It didn't stop me singing, I did what other kids did, belted it out, but that ended at at some point when I considered it to be sissy.

I also vividly recall how I felt when I was the only one from my class (primary school and all the classes had to audition) that was not accepted into the choir, I had to join the others of the school who too had failed the auditions and do something in the orchestra (if you could call it that), I got to play the Chinese finger cymbals badly.

I cannot sing in tune or even keep my voice at one level, sort of one moment bass the next soprano and all in between, I've tried and tried but I can't change it.

There are many witnesses to my inability to sing and only one opinion, I cannot sing.

I sang along to my daughters nursery songs when they were very tiny and unable to defend themselves, but they are 44 months old and get quite uppy when I do it now, which I've heard is normal for kids but in my case it is perfectly understandable.

I do sing to myself though, that makes me happy  :)

In spite of not being able to do anything musical at all, I adore music, it touches me and I can appreciate other people being able to do it.

Offline Musette

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Re: Music which makes you cry (or almost)
« Reply #43 on: May 09, 2017, 05:41:07 PM »
Thanks PBA :)

I'm glad you haven't been put off singing, even if it's just for your own pleasure, or in church (surely it's ok for everyone to sing there -
 regardless of ability?). What you describe though is at least partly improvable through lessons (I'm not suggesting you do that necessarily, but that a lot of the issues people have with singing aren't inability, just inexperience :) )

I agree about appreciating other people being able to do music. I'm an ok singer but I was at a house party on Sunday (with lots of other singing types) and there was a young man (20s?) who was playing the piano. He could do anything - sight read music that was given to him, play songs on request or just make up something on the spot if he didn't know the song, to accompany the singers. His skill and the way he made it look so easy had us all in complete awe.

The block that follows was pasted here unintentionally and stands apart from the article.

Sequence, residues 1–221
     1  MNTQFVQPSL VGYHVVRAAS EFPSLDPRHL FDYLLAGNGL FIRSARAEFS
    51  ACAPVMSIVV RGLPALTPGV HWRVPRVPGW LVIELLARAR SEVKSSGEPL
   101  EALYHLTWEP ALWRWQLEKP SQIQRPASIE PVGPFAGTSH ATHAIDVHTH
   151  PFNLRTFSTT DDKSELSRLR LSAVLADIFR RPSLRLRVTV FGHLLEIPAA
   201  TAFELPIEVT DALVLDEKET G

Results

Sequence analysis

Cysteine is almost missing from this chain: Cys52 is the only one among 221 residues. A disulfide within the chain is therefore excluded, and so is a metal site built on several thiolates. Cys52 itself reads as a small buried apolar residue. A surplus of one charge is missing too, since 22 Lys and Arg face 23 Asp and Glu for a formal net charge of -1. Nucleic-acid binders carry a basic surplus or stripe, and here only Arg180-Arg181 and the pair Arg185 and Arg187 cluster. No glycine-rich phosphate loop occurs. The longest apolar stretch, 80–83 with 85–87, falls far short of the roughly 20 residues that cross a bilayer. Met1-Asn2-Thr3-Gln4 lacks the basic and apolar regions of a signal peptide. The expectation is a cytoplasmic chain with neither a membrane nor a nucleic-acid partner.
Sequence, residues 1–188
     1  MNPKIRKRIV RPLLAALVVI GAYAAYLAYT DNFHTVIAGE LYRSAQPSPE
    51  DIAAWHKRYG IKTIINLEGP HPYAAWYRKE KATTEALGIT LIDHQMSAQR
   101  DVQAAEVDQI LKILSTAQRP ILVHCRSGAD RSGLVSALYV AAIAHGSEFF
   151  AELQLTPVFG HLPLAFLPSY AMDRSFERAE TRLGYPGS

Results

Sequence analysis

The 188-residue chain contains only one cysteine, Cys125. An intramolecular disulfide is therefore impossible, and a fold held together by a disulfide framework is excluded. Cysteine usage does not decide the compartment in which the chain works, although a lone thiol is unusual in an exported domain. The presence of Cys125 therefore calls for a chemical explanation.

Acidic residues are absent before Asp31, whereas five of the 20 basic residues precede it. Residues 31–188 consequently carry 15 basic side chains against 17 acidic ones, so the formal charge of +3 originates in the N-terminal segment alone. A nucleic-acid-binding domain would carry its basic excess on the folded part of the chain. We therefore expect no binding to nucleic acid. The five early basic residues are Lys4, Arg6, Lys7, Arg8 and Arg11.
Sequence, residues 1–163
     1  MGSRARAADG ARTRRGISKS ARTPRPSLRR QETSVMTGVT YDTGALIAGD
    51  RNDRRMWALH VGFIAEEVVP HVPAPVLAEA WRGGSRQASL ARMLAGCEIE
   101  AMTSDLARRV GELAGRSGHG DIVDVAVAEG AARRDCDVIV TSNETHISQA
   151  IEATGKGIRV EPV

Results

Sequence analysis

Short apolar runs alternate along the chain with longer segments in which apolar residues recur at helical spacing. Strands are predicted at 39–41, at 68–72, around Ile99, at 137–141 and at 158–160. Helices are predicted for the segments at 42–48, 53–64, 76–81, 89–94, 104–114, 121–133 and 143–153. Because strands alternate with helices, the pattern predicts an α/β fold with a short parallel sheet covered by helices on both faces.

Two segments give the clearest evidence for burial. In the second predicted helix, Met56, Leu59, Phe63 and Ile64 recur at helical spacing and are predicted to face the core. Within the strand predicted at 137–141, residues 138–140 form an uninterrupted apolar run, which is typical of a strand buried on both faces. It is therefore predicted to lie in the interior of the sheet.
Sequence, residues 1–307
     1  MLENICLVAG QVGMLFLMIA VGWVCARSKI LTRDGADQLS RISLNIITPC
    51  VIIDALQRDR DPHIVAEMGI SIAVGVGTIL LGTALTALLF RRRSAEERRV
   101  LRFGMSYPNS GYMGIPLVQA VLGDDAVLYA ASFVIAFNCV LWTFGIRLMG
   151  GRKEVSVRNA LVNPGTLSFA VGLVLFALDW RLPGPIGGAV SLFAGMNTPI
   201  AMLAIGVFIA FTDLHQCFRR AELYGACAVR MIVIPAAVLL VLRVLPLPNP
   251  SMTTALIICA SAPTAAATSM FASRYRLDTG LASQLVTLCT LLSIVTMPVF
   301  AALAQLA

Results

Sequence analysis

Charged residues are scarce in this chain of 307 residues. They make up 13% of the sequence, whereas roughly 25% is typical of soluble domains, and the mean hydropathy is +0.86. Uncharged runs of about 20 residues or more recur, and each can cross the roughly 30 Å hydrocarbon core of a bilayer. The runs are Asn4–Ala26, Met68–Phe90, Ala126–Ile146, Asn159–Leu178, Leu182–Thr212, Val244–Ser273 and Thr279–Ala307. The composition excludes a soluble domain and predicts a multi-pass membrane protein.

"U r a multifaceted dark horse. Oh yes you are..."

a wise and helpful soul, Musette  ;D

Offline the ganze metsieh

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Re: Music which makes you cry (or almost)
« Reply #44 on: May 09, 2017, 07:02:20 PM »
^PBA, what you're describing is being uncertain how to pitch which is something most people in my choir, including me, struggle with. It's that problem at the beginning of a sentence in a song when you're not quite sure of the note and if you get it wrong, it messes up all the rest. It gets easier with practice*.

If it's any encouragement to anyone, I've only been singing with my choir for 3.5 years and originally, I thought I should take lessons but as the course I wanted was cancelled, I decided to just join a community choir.

For anyone in or near London, Many Voices, http://many-voices.co.uk/ is a great place to start. It's a gay choir (straight friendly) that is non performance and meets monthly on the second Saturday of the month. They sometimes have guest leaders. I was there when they had Hannah Rose Tristram (who I think is based in Brighton) and she was amazing, she's incredibly talented as a teacher and as a musician.

(*And btw, I am still having to practice the penultimate line in each verse of Die Gedanken sind Frei because somehow I can't get it right and then can't get the last line right either, and one never knows, I could find myself in Germany in an audience at some music event and everyone will know it and it'd be nice if I did too.)